This weekend, as we were doing some yard work, we found a large fuzzy caterpillar. I decided to use him as a studio subject and put him and a piece of greenery into a small container with the lid slightly ajar and put it in the refrigerator. I had read somewhere that successful insect shooters say that this technique slows the insects down so that they sit still long enough to be photographed. Supposedly 10 minutes is all it takes, but unfortunately I forgot about him for 24 hours. When I remembered I ran to get the little guy out of the fridge. I was afraid I’d killed him as he was coiled up in a circle, so I put the container outside to warm him up faster. And it worked. He was still alive. Yay! I don’t want PETA to come after me (if he had died you wouldn’t be reading this post today).
So I hurriedly put my “studio” together in the living room: card table, foamcore, velvet.
Hopefully you can see my pitiful setup in this photo. I also wanted to try the new “tethering” option in Lightroom 3, where you connect your camera to your computer and when you press the shutter, the photo is imported straight into LR3 and you can see it much larger on screen than on the camera’s LCD. So the camera is on the tripod, connected to the computer and the Speedlite is mounted on my Gorillapod and connected to the camera with my new 20-something-foot cord. I brought an Ott Light down from the quilt studio and experimented with it and various positions for the Speedlite. I also tried various combinations of lamp light in the room and decided that I needed to have them all on to enhance the Speedlite. I also changed the setting on the Speedlite to 2nd curtain sync, something I’ve been wanting to try.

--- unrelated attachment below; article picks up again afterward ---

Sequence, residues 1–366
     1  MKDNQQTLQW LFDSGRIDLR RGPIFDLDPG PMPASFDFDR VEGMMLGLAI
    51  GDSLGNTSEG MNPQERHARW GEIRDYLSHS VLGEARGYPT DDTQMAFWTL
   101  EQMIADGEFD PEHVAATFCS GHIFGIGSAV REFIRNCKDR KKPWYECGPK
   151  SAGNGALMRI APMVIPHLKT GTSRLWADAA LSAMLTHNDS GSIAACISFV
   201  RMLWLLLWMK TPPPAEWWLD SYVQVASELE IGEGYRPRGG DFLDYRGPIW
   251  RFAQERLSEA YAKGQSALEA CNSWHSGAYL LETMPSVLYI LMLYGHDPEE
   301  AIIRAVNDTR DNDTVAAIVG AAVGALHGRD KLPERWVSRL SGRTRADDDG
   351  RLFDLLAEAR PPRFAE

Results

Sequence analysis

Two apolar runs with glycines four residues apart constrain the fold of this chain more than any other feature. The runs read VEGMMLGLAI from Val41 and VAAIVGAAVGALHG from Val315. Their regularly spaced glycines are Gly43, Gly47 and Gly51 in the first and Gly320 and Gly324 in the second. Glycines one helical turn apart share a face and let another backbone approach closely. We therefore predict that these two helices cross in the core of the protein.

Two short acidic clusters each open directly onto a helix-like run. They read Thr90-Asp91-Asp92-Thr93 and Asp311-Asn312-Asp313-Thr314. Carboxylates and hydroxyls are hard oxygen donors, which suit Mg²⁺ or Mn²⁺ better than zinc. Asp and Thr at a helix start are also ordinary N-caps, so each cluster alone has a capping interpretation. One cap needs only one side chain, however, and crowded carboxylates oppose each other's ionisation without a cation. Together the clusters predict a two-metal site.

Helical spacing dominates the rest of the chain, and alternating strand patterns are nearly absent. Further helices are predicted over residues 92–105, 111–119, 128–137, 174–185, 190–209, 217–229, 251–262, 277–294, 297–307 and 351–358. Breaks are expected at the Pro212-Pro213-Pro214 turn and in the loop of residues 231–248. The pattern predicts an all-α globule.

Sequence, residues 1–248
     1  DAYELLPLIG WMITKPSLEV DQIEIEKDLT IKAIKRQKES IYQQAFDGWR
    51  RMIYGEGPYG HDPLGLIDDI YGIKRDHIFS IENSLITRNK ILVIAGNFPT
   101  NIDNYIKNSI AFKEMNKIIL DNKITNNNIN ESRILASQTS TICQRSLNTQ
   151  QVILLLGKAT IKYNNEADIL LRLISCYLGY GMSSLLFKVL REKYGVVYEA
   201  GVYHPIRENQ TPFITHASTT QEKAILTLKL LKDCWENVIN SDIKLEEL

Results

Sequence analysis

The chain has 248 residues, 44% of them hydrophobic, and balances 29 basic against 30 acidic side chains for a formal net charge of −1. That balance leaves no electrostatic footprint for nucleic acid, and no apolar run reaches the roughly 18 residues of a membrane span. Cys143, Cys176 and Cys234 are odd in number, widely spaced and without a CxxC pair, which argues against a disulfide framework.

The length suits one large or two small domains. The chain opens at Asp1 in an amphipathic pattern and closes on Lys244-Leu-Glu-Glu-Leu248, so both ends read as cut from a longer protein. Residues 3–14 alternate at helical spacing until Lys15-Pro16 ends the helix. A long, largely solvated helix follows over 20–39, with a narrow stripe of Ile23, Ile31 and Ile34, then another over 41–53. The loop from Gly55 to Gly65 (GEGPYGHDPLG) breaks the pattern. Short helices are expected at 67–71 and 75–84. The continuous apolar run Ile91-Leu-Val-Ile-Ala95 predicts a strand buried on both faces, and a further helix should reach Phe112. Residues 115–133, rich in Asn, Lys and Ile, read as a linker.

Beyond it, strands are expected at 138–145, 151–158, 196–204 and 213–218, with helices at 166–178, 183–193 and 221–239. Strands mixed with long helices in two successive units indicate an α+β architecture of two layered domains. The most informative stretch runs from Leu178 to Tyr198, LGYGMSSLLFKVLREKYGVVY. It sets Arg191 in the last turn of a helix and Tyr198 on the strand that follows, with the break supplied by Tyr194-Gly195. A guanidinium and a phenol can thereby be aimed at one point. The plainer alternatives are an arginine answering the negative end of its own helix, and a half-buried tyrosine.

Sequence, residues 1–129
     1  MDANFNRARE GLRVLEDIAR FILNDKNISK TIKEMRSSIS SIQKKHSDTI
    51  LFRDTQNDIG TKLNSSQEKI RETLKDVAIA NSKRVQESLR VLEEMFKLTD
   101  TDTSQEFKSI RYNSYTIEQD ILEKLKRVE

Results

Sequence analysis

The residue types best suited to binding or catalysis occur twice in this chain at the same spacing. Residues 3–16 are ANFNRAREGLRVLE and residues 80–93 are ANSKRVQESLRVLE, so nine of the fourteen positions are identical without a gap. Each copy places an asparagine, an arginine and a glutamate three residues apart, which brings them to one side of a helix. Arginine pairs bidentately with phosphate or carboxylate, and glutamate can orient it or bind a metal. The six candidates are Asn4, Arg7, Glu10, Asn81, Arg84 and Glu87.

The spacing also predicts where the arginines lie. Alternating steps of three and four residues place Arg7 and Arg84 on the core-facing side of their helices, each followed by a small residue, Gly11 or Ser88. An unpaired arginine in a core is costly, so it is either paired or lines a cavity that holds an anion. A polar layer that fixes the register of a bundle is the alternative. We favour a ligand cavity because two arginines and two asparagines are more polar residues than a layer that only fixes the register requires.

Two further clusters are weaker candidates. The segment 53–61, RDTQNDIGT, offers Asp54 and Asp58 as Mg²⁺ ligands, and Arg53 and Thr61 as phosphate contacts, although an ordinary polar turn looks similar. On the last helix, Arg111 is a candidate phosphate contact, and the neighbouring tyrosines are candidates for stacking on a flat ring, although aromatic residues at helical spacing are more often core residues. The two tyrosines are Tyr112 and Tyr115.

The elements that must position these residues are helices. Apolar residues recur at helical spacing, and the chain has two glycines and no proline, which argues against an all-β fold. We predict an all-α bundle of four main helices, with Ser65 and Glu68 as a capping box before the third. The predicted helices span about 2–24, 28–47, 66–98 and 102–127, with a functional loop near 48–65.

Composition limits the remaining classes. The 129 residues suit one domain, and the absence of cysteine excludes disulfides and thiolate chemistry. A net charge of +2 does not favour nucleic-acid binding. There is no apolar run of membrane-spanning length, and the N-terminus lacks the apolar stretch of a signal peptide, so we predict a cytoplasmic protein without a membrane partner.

Before I brought Mr. Caterpillar in, I took some test shots of a small candle. This is the best of those.
I took a million shots of Mr. Caterpillar, and he was on the move. I should have put him back in the fridge for a few minutes.
He was really getting tired of this and I felt I’d tried everything with the equipment I had, so I took him outside and put him back where we found him, under a bush. But he didn’t want to go that way, he wanted to high-tail it across the driveway. I was afraid he’d get run over, so I finally persuaded him to get under that bush and stay there.